Deborah Crombie

I just spent a fun and hectic three days at Bouchercon, a mystery writers and readers conference. I had the treat of meeting in person and getting to spend time with Tasha Alexander, Andrew Grant, Sandra Lee, Scott Brick, Deborah Crombie, and Marcia Talley. (See Facebook for photos). It’s so great to finally meet writers whose books you’ve enjoyed and whom you’ve got to know online. As Tasha said, it seemed like we already knew each other.

I also had the fun of catching up with Candice Proctor (aka C.S. Harris and C.S. Graham) whom I hadn’t seen in years. I met people from my publishing house, Kensington, at a lovely cocktail party Friday night. I had the fun of showing off the Vienna Waltz cover, which I just received. I went to panel discussions on all sorts of writing topics, useful reminders of things like constantly raising the stakes for one’s protagonist as the story progresses, the difference between action and suspense, making villains believable, crafting denouements.

And, of course, I stayed up into the small hours talking with writer friends. To me that’s one of the most fun parts of a conference. so much of the time as writers we work in isolation. It’s so wonderfully energizing to spend concentrated time with a group of fellow writers, to chat about plotting, research, covers, websites, and myriad other topics that only fellow writers seem to understand.

As always seems to happen after a conference, I’m invigorated and excited to get back to writing. And to keep up with all my old and new friends online until the next conference.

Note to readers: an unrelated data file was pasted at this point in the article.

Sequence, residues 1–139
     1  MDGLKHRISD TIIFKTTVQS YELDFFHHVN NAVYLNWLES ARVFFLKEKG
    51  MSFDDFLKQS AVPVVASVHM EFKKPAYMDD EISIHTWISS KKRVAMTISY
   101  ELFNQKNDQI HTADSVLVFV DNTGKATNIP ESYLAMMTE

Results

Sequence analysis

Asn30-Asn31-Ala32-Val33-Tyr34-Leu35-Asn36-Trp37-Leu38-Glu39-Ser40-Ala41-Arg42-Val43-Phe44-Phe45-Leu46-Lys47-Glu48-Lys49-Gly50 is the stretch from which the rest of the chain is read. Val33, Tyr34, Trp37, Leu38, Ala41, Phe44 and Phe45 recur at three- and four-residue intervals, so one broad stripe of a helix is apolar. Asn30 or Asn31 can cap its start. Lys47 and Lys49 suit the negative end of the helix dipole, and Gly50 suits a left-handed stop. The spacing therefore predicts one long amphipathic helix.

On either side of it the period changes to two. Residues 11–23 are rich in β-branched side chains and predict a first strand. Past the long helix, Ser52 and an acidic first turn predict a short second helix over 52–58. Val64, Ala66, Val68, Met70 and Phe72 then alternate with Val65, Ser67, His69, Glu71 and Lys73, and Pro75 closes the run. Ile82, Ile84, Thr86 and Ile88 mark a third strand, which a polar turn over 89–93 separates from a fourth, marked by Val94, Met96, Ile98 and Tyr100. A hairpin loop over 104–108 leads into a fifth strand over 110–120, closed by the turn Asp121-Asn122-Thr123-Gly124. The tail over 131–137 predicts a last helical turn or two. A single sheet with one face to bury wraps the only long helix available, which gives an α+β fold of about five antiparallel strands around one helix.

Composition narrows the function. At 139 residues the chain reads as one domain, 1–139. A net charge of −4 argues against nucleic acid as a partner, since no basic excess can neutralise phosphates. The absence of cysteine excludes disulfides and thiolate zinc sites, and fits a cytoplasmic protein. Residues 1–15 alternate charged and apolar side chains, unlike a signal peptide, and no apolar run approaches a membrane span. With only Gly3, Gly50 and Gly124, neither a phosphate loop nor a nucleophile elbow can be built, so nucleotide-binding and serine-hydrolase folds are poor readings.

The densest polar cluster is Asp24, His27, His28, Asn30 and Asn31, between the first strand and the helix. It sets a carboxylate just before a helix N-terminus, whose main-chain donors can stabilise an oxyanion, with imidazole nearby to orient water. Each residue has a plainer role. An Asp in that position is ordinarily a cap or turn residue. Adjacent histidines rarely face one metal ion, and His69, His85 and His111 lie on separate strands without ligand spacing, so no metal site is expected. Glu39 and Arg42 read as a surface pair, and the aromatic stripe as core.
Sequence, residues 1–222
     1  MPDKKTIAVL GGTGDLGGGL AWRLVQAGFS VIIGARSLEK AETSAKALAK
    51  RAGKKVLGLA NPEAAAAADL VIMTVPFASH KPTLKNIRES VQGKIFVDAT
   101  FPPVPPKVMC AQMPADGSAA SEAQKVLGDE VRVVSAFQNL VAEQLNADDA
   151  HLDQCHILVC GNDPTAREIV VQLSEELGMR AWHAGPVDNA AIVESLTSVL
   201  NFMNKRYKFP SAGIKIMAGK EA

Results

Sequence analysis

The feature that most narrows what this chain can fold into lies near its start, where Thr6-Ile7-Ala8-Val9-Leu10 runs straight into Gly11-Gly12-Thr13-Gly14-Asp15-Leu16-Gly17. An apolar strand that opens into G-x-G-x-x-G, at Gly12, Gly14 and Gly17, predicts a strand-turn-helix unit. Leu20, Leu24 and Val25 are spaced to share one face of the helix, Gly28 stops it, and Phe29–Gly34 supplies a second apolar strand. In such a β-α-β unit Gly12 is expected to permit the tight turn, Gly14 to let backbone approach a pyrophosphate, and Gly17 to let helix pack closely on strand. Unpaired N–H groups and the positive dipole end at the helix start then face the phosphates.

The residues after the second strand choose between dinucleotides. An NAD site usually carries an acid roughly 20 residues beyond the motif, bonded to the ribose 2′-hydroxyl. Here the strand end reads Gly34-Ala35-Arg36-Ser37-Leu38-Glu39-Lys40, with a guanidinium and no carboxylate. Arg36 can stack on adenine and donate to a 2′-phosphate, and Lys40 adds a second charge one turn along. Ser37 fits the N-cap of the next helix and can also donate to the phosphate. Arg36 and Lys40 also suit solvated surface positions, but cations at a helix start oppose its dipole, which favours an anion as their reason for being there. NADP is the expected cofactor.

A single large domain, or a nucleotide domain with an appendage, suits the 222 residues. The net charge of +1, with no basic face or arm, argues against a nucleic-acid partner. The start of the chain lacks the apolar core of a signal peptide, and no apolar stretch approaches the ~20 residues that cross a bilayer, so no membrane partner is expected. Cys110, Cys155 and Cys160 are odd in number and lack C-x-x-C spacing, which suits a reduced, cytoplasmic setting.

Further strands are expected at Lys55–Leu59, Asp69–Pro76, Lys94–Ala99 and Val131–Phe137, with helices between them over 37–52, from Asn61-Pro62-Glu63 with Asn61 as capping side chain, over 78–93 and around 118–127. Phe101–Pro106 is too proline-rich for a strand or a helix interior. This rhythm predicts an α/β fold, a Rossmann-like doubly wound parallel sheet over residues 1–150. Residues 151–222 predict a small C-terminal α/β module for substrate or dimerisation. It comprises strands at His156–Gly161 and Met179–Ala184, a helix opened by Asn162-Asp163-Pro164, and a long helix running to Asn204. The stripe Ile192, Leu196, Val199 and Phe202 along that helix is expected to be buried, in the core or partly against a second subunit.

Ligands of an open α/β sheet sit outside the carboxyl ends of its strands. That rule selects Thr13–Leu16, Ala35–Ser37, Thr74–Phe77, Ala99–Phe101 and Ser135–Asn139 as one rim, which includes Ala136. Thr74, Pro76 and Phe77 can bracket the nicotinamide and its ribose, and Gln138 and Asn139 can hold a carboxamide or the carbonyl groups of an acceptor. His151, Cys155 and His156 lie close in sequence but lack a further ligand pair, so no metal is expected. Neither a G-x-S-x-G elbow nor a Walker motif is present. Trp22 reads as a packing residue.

What’s your favorite part about conferences, whether writing conferences or in another field? Have you been to Bouchercon or other writers/readers conferences?

Amidst the whirlwind of Bouchercon, I managed to write a new Fraser Correspondence letter from Melanie to Isobel. I loved having my iPad at the conference!

After some typical Bay Area summer days of bone chilling fog, it’s lovely and sunny today. A slight breeze, not too hot. The sort of day that cries out for lolling in a hammock or sitting by the pool with a good book. Of course I’ve spent the day in a whirl of Saturday errands (which included the fun of finding a great summer bag on sale at Nordstrom’s). Now I’m updating my website and I need to write at least 700 more words on my new book and a get a workout in somewhere. Between finishing Vienna Waltz revisions, working on my Waterloo book, Porchlight Theatre’s Les Liaisons Dangereuses production, and the start of the Merola Opera Program (we had our Meet the Merolini event last night, where we met the 2010 Merola artists), my summer so far has been a bit chaotic if fun.